From my long experience, people who order a cocktail at a bar tend not to want to taste alcohol in their drinks. I would recommend, for example, Choya Umeshu. It is good because it has a plum and apple flavour with little taste of alcohol that makes it so easy to drink.

Japanese sakes are hard to get and are still very expensive here in Australia. To many people, “sake is just the Japanese alcohol that made with rice”. Also, there are so many people choose a particular sake by the packaging or the design of the label.

 

  

 

–Why and how did your career as a mixologist (bartender)?

I first started when I was at university because I needed money on the weekend. I really enjoyed it and went to London after finishing my degree. I didn’t know how long I was going to be there but ended up working at a bar in London for 3 years. I realized how much more there is to know and to learn through that experience, which I truly enjoyed. I really like making drinks and working with people. It was more by accident than by choice, and then it became a choice. This is my 9th year (in 2011) in the industry.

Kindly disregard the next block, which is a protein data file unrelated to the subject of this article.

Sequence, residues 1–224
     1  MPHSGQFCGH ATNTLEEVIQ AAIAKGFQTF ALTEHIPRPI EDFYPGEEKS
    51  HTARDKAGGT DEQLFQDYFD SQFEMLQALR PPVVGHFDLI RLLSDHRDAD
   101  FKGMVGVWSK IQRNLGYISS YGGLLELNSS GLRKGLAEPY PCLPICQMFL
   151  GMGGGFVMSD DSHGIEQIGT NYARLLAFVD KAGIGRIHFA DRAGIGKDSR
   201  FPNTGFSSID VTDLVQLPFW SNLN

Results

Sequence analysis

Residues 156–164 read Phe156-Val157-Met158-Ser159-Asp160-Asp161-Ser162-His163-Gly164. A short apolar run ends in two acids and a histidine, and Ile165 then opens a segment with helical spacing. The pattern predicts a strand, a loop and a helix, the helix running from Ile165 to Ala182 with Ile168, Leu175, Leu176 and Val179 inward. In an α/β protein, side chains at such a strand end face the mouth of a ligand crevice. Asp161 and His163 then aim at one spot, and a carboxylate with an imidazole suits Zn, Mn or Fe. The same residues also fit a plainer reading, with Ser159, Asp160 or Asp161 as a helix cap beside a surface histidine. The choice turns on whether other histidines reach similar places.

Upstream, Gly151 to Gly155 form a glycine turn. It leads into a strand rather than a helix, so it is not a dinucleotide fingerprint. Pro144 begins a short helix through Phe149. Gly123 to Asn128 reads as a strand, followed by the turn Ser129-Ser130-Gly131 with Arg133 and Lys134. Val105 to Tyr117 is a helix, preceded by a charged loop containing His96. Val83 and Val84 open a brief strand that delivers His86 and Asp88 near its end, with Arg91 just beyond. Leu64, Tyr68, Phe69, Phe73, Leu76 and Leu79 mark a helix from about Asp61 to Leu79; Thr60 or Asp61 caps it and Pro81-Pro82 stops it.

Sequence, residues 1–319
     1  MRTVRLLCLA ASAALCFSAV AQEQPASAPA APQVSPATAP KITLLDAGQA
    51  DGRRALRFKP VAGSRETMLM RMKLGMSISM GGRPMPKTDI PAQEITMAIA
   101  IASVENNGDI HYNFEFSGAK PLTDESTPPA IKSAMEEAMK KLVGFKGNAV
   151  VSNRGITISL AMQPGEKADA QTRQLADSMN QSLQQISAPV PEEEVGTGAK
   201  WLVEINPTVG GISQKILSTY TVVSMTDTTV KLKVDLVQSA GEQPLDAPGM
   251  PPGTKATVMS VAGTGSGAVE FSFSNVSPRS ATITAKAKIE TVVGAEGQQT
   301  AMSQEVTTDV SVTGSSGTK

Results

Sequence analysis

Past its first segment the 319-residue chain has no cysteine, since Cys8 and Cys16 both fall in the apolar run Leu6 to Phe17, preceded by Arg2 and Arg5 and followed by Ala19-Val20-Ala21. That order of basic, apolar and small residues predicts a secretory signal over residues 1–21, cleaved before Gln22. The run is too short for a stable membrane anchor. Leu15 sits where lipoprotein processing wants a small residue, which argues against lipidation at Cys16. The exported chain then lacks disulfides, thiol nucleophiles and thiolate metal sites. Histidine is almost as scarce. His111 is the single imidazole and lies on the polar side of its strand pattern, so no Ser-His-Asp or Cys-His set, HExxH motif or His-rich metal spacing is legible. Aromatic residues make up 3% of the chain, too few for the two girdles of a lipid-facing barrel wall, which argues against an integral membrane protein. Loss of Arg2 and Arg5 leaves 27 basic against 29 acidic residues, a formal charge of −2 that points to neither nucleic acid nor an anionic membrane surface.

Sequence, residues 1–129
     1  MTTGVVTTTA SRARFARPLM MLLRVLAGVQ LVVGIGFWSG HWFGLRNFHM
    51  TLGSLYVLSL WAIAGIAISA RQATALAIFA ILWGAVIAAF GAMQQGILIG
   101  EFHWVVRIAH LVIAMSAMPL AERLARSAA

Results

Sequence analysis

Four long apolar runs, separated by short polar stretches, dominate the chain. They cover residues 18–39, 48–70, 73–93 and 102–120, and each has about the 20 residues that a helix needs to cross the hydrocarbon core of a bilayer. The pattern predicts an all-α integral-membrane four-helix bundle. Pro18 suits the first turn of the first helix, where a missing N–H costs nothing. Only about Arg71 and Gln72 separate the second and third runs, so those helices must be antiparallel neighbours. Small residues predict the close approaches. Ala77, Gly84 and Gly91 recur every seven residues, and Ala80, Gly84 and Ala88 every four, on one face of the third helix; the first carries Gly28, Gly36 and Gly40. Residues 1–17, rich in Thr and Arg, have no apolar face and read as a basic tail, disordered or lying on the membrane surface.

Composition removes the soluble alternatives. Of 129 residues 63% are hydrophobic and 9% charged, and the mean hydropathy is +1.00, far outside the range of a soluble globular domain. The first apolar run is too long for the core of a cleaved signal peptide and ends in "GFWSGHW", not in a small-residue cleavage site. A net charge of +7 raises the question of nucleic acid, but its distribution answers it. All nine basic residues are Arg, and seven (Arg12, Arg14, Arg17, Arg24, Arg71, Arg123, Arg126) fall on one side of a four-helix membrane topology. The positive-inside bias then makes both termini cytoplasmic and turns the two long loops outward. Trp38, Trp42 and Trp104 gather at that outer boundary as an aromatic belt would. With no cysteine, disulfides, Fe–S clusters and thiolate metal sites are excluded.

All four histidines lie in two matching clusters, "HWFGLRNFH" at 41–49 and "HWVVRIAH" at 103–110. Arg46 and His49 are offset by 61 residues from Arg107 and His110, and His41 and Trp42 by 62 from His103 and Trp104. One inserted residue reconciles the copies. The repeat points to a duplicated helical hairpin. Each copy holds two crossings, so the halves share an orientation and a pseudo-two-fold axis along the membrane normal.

–How did you think of so many unique names for your cocktails, such as “GINGER NINJA”and“TOKYO YOZORA”?

The most important thing is to be easy enough to pronounce. Just simple stuff to be remembered. It will be very hard to remember if the names are all in Japanese, not to mention there are words we can’t pronounce properly.